[00:07:18] Is that still what we’re worried about? We’re still worried about people coming in doors that we just leave open but then they use sophisticated tools to go wherever they want? 

[00:07:28] Eric Cole: [00:07:28] So the two biggest challenges today [00:07:30] with health care organizations is one servers that are accessible from the internet that the organization is not aware of.

[00:07:37] Several of the healthcare breaches that have happened had to deal with healthcare organizations that did migrations. They acquired other providers. And what ended up happening in all the scrambling was there were servers that were accessible from the internet that contain critical data that nobody knew about.

[00:07:54] And because they didn’t know about them, they couldn’t protect them. Patch them or keep them up to date. So that’s [00:08:00] problem one, knowing your assets. And the second problem is targeting users, phishing campaigns, where you’re going in, you’re sending a well-crafted email, getting them to click on it. Nowadays it’s almost too easy. If I send anybody an email with the subject line that says “”coworkers infected with COVID. And I have an email that says five of your coworkers have recently tested positive to COVID. Please click on the link to see if you’ve been in contact with them. It’s a guarantee. I mean, I could [00:08:30] just sit down and give you 30 minutes of security awareness and you’re still clicking on it because we are so concerned about it.

[00:08:36] So phishing attacks against individuals is the other way. To get into the organization and the two big problems that organizations have. One is they still have these strong perimeters and there’s not a lot of internal security. So when the perimeter gets breached, you could move very quickly within the organization.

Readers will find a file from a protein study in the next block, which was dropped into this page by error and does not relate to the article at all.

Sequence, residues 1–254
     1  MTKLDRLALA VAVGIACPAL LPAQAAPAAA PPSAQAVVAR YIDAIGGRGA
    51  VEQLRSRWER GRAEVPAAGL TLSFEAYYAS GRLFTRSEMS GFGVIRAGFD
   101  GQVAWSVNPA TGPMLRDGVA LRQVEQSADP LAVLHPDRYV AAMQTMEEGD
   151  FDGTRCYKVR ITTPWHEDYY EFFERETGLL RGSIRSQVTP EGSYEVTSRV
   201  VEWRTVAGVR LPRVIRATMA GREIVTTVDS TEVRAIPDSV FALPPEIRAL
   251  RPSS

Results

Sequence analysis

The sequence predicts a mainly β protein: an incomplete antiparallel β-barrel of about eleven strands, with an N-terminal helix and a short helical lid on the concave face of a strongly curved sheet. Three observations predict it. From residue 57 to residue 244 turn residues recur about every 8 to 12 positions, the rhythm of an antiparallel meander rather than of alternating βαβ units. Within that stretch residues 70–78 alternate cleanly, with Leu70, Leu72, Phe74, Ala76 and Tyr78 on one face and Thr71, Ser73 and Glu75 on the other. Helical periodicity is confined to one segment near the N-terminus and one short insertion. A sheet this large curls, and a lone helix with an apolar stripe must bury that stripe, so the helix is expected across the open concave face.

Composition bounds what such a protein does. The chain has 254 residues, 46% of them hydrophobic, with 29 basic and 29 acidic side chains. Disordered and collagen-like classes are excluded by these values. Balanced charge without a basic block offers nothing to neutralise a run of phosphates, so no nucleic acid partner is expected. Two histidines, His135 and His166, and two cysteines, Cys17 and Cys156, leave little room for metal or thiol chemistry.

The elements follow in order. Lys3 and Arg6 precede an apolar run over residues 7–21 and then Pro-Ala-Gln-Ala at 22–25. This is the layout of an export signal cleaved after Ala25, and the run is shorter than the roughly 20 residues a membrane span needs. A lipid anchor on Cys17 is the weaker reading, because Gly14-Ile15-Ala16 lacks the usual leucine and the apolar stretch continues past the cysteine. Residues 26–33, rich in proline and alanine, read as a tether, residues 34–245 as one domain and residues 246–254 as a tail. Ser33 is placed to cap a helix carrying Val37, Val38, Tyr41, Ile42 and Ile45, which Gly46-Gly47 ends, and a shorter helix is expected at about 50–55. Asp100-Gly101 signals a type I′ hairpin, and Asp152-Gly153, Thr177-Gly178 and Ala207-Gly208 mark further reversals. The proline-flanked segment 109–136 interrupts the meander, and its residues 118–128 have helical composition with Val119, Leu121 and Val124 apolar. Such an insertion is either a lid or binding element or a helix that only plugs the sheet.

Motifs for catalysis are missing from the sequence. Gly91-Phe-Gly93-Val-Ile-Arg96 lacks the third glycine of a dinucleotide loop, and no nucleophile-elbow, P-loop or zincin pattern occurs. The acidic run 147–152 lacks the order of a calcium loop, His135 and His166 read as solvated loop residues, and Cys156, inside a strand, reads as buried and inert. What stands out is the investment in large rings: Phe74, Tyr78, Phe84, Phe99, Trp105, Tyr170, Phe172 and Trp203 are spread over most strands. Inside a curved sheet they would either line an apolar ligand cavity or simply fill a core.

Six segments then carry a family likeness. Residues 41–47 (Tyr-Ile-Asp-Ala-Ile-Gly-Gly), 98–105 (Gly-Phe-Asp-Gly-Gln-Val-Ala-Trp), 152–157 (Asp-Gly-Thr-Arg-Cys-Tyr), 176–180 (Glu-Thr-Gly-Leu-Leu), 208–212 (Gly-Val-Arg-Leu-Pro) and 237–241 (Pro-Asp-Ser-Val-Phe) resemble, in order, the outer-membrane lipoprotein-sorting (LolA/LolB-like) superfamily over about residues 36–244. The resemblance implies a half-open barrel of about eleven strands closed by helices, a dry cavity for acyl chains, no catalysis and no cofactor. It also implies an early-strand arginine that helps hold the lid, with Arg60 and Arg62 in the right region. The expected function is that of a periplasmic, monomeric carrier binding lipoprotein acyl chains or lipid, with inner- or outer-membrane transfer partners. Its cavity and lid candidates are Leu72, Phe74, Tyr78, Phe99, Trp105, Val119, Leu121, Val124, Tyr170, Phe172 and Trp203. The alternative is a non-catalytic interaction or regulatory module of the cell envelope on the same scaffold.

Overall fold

[00:08:54] The other problem with security is they’re overtaxed, understaffed. They have way too [00:09:00] much technology and it’s generating way too many alerts and there’s not enough staff to respond to it. So with a typical healthcare organization, I worked with, they’re getting 15,000 alerts a day from their security software and their team can only respond to 300.

[00:09:16] If you’re getting 15,000 and only spotting the 300, you’re going to lose. So what I actually did with them which is counterintuitive. I took out half the technology and I downplayed it. So now they’re only getting 300 alerts, but they’re the most [00:09:30] critical, highest priority. Sometimes less is better when you’re understaffed.

[00:09:35] Bill Russell: [00:09:35] All right. So I’m back in the CEO role, I’m investing money. I feel like I’m throwing a ton of money at this. Somebody told me to spend $6 million, I’m spending $6 million. Redo my budget for me. Is it education, prevention, detection? What I hear you saying is we almost have too much technology at this point.